*3 billion devices run Java* because everyone's motherboard is running it.

      https://en.wikipedia.org/wiki/Intel_Active_Management_Technology [wikipedia.org]

      Starting with ME 7.1, the ARC processor can also execute signed Java applets. The ME state is stored in a partition of the SPI flash, using the Embedded Flash File System.

      7. Possible attack vectors from Intel/CIA/NSA (who holds the certificate):

      Cross-Device Attack Vectors:
      1. Obtain CA Cert trusted by ME > Broadcast DHCP announcement with domain name matching the certificate > Ethernet-Port > CPU backdoor (No exploits required, still works when system is turned off)

      2. Insecure mobile > Broadcast wireless magic packet (CA cert broadcast) > On-Chip-Wifi/On-Chip-Intel-Wireless-Display > CPU backdoor (Only a backdoored mobile is required)

      Other Attack Vectors:
      3. Cell tower broadcast > Intel Anti-theft technology (On-Chip 3G receiver) > CPU backdoor

      4. Zero day browser exploit > Powershell > Intel AMT > CPU backdoor

      8. Backdoor inside a backdoor

      For years Intel acted as if they weren't simply selling spy gears for the US government, but the Vault 7 leak forced them to come out in the open. On May 1st 2017, Intel released a "Critical" security bulletin INTEL-SA-00075 [intel.com], admitting Intel Core CPU from 1st gen to 7th gen (2006-2017) all share the same critical vulnerability:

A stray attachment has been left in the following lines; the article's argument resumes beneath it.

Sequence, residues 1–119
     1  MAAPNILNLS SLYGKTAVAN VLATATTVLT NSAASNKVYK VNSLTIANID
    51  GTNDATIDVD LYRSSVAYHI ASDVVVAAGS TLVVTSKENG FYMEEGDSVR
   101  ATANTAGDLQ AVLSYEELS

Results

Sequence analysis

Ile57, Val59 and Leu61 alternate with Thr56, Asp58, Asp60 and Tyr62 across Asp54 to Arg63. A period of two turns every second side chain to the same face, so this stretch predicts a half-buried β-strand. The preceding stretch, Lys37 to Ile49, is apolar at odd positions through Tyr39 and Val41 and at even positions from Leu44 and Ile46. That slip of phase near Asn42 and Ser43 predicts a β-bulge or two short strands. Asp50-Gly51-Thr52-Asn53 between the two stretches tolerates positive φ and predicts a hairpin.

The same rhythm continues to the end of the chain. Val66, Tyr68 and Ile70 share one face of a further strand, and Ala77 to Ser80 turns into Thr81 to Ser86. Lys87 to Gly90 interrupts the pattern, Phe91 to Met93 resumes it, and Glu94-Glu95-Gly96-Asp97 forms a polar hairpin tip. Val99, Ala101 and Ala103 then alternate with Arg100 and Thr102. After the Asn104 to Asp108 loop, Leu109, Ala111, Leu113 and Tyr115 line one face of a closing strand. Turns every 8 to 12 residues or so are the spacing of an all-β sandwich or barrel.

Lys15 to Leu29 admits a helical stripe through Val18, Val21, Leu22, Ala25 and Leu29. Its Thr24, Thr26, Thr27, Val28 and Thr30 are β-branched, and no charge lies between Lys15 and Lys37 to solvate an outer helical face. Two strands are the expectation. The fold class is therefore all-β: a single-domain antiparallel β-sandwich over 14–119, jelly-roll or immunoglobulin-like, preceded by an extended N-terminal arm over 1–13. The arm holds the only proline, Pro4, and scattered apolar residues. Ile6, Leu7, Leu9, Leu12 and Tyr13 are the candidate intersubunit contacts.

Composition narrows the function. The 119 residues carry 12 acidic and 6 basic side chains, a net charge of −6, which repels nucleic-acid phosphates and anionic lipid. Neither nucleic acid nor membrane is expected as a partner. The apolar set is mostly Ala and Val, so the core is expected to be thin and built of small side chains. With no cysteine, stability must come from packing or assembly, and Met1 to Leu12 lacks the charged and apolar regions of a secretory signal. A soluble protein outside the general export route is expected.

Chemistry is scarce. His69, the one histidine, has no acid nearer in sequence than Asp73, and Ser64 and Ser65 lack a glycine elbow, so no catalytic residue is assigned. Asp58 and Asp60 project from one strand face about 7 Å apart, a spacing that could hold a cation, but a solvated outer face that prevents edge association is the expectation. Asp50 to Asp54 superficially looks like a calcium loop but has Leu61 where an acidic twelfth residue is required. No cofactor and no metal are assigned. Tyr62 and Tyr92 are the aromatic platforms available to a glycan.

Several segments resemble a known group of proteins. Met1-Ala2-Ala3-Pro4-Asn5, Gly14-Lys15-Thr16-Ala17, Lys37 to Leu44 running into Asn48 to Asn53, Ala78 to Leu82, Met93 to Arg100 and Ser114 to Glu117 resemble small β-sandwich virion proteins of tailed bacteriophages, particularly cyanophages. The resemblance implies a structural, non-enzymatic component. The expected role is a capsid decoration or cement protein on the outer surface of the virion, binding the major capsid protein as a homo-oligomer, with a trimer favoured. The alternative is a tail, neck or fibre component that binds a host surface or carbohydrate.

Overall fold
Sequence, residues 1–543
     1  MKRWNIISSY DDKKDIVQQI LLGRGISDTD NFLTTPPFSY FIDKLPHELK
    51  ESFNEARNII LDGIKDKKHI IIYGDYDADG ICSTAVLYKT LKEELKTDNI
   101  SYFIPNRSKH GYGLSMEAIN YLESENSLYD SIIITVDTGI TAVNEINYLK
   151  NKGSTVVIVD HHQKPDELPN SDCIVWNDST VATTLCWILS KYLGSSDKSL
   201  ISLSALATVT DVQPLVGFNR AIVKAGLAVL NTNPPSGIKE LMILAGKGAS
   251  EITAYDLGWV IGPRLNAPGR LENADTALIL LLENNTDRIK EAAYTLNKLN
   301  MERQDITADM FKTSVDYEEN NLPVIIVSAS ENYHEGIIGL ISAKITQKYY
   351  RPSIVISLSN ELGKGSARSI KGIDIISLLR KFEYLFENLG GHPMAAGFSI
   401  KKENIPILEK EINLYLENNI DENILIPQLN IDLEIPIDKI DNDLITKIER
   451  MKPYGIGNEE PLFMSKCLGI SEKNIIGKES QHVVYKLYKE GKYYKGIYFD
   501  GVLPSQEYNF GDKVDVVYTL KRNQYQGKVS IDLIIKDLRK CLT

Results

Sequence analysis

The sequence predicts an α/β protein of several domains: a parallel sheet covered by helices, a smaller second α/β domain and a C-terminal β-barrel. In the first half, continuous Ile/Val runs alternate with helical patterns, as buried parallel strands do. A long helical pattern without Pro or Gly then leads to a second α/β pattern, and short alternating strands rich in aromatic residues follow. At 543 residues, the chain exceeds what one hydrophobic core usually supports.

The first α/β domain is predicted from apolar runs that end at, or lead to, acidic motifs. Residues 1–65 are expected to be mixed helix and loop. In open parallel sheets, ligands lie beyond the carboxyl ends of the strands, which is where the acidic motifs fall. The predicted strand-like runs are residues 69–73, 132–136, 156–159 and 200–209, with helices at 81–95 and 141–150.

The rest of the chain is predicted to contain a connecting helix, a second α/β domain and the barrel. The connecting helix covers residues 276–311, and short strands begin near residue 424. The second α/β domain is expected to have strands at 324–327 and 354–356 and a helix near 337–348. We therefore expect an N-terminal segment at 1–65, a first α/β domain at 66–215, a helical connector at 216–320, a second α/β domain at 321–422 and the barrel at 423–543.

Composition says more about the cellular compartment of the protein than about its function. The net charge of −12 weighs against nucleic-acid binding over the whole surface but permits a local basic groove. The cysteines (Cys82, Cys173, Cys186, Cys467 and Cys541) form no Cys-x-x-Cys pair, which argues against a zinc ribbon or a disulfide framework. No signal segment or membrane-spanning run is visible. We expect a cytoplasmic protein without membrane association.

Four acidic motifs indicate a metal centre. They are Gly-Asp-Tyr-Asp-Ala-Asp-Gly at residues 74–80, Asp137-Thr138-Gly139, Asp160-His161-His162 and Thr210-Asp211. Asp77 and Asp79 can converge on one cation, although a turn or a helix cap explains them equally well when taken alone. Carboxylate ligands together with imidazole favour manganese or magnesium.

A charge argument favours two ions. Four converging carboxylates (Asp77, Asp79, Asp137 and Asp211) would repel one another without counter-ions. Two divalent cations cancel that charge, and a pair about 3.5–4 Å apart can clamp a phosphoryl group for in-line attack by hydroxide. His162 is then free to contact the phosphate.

CVE Name: CVE-2017-5689
      Impact of vulnerability: Elevation of Privilege
      Severity rating: Critical
      Original release: May 01, 2017

      There is an escalation of privilege vulnerability in Intel Active Management Technology (AMT), Intel Standard Manageability (ISM), and Intel Small Business Technology versions firmware versions 6.x, 7.x, 8.x 9.x, 10.x, 11.0, 11.5, and 11.6 that can allow an unprivileged attacker to gain control of the manageability features provided by these products.

      Intel created a backdoor in the ME built-in web server authentication by using strncmp() to compare password, anyone sending an empty string as password with a length of 0 can get straight into the system, with no access log on both Intel ME and the OS:

      The hijacking flaw that lurked in Intel chips is worse than anyone thought [arstechnica.com]

      The bug was in the code to compare the two passwords. It used the strncmp function that compares the first N characters of two strings:
      strncmp(string1, string2, N)

      Sending an empty password, the compare code does this:
      strncmp("6629fae49393a05397450978507c4ef1","",0)

      Which is equivalent to:
      strncmp("","",0)

      And always return true.

      Many vulnerable systems were found exposed to the internet:

      The hijacking flaw that lurked in Intel chips is worse than anyone thought [arstechnica.com]

      A query of the Shodan security search engine found over 8,500 systems with the AMT interface exposed to the Internet, with over 2,000 in the United States alone.